Volkswagen Golf models only have access to one engine option for 2021, namely a 1.4-liter four-cylinder turbo - but it's not a bad motor. It produces 147 hp and 184 lb-ft of torque, and although this is low compared to its Japanese competition, it's adequate for the average driver who wants a simple car. The engine is refined and responsive at lower speeds, although pushing its limits will cause a bit of complaint from the engine compartment, where you'll notice things getting noisier the more you abuse the little motor. Still, it feels nippy enough when accelerating from a dead stop. The Volkswagen Golf can overtake other cars on the freeway without too much trouble. The six-speed manual gearbox is also slick and enjoyable to shift, making the engine feel a little better. With the available eight-speed auto, things feel a little more relaxed, especially since the auto prefers to shift up early. Fortunately, if you find that sort of thing annoying, you can switch to a manual mode and change gears with the paddles behind the steering wheel. In this mode, you'll find that the gearbox is great, obeying your every command with instantaneous precision.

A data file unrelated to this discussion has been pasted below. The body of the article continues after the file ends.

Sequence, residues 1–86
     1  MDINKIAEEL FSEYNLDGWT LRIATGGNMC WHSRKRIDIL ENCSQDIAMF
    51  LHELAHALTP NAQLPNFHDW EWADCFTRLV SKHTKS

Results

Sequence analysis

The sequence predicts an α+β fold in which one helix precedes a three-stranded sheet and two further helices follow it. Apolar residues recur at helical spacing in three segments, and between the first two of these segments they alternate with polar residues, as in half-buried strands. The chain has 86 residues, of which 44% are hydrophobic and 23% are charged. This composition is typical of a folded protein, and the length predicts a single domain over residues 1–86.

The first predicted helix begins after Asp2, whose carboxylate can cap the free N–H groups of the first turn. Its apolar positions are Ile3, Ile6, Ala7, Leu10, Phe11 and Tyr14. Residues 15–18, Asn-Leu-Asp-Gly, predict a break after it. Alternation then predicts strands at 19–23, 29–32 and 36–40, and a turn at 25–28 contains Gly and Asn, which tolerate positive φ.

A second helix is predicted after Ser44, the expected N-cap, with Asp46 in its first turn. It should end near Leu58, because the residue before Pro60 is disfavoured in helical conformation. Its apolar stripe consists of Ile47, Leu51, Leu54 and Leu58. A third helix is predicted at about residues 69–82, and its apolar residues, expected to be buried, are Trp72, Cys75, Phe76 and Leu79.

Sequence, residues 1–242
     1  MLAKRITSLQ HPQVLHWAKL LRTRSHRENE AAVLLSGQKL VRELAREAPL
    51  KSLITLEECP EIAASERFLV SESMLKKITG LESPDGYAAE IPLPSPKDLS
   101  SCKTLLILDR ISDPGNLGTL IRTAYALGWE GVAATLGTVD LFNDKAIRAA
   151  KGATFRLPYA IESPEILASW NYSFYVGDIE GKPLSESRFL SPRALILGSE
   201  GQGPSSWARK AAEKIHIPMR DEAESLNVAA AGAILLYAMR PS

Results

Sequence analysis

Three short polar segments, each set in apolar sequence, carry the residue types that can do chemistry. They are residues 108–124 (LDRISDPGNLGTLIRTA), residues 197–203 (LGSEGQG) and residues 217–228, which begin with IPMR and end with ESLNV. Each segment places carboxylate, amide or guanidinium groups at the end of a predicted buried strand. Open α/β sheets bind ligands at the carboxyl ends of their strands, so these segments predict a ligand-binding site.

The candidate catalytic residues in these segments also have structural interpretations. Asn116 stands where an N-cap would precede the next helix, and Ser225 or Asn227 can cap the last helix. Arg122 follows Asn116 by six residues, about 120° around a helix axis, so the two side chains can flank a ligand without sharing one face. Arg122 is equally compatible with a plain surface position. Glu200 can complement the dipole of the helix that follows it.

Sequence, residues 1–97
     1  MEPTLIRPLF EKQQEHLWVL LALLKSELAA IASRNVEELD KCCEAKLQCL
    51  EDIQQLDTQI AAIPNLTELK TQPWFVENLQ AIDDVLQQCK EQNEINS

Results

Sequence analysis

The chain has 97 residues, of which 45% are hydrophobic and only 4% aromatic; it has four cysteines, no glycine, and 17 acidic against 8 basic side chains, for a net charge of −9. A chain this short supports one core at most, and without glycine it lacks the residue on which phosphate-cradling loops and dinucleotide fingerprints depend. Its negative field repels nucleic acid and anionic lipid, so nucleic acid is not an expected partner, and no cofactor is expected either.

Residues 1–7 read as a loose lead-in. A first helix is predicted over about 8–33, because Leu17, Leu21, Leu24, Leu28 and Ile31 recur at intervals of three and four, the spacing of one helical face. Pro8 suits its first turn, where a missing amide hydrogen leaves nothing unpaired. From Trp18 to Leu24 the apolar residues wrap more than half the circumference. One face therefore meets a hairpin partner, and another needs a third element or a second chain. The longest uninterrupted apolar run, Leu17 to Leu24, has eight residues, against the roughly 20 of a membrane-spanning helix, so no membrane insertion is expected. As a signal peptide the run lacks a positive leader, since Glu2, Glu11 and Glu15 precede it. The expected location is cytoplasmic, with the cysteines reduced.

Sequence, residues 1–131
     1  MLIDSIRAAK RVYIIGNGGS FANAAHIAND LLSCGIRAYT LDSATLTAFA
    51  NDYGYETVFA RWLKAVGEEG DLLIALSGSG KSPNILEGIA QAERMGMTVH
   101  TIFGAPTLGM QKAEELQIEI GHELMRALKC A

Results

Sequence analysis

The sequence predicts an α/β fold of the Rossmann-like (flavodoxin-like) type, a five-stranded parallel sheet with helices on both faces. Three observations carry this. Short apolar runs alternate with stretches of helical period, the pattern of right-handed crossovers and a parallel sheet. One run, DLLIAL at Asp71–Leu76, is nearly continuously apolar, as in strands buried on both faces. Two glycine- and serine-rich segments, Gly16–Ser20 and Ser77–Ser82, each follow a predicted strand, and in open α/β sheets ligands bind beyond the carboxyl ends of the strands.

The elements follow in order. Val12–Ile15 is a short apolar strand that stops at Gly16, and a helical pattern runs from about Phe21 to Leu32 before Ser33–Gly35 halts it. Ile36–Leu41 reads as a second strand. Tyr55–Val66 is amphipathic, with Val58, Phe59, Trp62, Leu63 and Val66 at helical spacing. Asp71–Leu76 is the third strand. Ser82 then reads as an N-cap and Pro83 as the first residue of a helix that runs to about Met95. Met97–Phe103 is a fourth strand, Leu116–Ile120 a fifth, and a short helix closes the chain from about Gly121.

From the point of view of sporty, spirited driving, the regular Volkswagen Golf hatchback isn't nearly as good as its Japanese competitors. This is due to its prioritization of comfort, and for the masses, that's the correct direction to go in. That also doesn't mean that the Golf is a lazy, wallowing hatch. It's still got pretty sharp and accurate steering, decent brakes, and a suspension setup that doesn't exaggerate body roll. Its ability to absorb small and medium bumps with aplomb is part of what makes it an attractive option in the segment, although some mid-corner corrugations can make the ride a little less composed. Still, as a fun city car and a long-distance cruiser, the Golf won't offend anyone. There's also a remarkably low level of tire and wind noise when you're on the freeway, and it's these small details that distinguish the German way of doing a hatch as opposed to most Japanese alternatives.